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4 Step Framework to Rapid Conflict Resolution

If you have a conflict, you have a project! I wish I could tell you I was a master at complaint resolution and conflict management . What I can tell you is that I simply allow it to exist and instead of allowing it to go on for days or weeks, I work to remedy it in hours or minutes.

Before we get into the nuts and bolts of how to remedy, it is important to be present to two key concepts.

  1. Check your ego.  Before saying the first word, get curious about what emotion you are experiencing.  Be specific.  Then, work to find the root.  What specifically is the cause of the emotion?
  2. Untangle.  Be clear about what is yours and what is theirs.  If you are able to be clear about where you are at cause and accept full responsibility for your part, it makes it much easier to let them accept theirs.

You don’t have to take my word for it, but it benefits everyone when conflict is acknowledged and resolved quickly. But, how do we do that with ease?

  1. Isolate the Situation.  When addressing an issue, address the event, not the person.
  2. Determine the impact.  What is the cost if this doesn’t get resolved?  If two weeks went by without a resolution, would the situation worsen or remedy? 
  3. Set my desired outcome.  Before beginning any conversation, be clear about what you would like to have happen. If the answer involves any “them” or “you” statement, go back to the drawing board about what I want.
  4. Take Action.  Not a hundred actions, just one- or maybe two.  This isn’t about what someone else needs to do, it's about what I need to take responsibility for.

By simply saying “What’s mine is mine and what’s yours is yours”,  we can completely change the context of the outcome. What’s your best tip for resolving conflict?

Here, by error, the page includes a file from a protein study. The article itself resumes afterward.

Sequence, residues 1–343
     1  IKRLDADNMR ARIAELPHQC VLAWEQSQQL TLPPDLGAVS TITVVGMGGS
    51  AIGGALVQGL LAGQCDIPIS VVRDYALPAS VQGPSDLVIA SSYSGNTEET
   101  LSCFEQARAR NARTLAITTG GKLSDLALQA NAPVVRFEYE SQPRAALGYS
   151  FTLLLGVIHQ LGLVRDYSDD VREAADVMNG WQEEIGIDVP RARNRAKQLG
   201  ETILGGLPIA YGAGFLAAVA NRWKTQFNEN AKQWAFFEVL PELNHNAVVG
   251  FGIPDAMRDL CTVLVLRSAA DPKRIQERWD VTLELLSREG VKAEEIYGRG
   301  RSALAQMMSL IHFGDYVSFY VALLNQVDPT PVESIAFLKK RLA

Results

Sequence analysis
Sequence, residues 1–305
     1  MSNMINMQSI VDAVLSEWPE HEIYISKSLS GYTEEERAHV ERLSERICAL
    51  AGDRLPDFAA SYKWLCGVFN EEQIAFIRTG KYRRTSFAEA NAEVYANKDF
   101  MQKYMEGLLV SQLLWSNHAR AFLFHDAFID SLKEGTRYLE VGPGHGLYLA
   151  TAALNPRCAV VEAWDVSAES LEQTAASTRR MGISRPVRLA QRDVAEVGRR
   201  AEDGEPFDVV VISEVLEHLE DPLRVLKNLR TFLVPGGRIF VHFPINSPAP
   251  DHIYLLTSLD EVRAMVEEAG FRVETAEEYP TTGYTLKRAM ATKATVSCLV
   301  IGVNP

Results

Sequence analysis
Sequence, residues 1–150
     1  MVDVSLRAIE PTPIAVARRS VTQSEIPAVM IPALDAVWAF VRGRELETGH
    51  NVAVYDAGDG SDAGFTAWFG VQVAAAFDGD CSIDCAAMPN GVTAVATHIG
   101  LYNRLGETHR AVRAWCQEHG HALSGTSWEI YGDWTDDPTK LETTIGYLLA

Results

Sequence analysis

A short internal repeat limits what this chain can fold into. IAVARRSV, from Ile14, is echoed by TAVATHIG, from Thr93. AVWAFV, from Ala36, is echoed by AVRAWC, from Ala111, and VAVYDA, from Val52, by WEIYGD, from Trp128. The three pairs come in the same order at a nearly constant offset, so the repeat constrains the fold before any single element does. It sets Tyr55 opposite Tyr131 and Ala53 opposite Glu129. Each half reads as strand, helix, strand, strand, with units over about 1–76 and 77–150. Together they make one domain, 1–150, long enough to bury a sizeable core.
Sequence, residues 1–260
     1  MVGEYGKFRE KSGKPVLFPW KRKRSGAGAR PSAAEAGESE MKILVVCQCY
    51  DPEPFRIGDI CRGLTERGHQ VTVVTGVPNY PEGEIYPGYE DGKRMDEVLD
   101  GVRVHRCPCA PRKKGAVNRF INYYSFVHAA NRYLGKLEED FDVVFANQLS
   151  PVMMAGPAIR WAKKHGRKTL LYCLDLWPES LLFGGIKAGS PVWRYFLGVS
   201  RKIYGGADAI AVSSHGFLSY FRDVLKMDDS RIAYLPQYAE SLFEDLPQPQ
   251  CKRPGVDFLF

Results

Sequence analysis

It’s not them, its you

Have you ever found yourself in a position as an entrepreneur where you knew a divorce was coming? Irreconcilable Differences, right? It may feel like the same problem continues to surface time and time again, or it may be that new problems with the same person continue to pop up.

Think to your most recent conflict- further up the food chain the better (key employee, manager, executive, co-founder, equity holder, board member). When asked about these challenging situations, many entrepreneurs do a decent job of describing a situation but add a healthy dose of “they” language.

There is rarely language that says “I am accountable for”, “I am at fault for”, "I haven’t taken enough action”When that language is used it is often followed by a giant “but,”Think about it.  Can you see yourself using language like “I am sure I could have acted more ethically, but _______” or “ I am sure I could have taken a more proactive approach, but _______”If I were to ask you where you are at fault, what part would you accept?  Minor, Major or Whole?

The most powerful way to be in all of business is simply….Responsible.

Fully at cause, accepting total responsibility for all things that happen TO you, because you created them and brought them into life.

My Worst Business Break Up

The details of this story are still bound by a non-disclosure statement, so there will be some details that are omitted. Short story is my first investment opportunity came into a new company that had a great concept, product, roadmap and most importantly leadership team.

As I sat in Washington, DC with the current CEO he described to me a vision of the future that involved expansion into a new market. The conversation included discussions about what my role would be- advisor, investor, contributor, CEO?

In the initial outset it involved more of a joint venture model with multiple collaborators but ended up with me taking a CEO role as a subsidiary of his company. Fast forward three years- he was out as the CEO and the “new guy” was not my cup of tea.

Here’s where the road gets tough.  Conflict began to arise monthly, then weekly, then daily. We were equals in the organization which meant neither had power or decision making authority over the other, which reverted into straight peer leadership.

Here’s where the long story gets short…I knew it was coming to an end, I just didn’t know how or when. Aside from the anxiety and stress of the situation was a complete awareness of fear and scarcity.

Moral of the story is that it took 6 months to do a breakup that should have taken 6 hours or 6 days. I would much prefer conversation and conflict resolution instead of the breakup. But there is immense power in knowing when you need to cut the cord.

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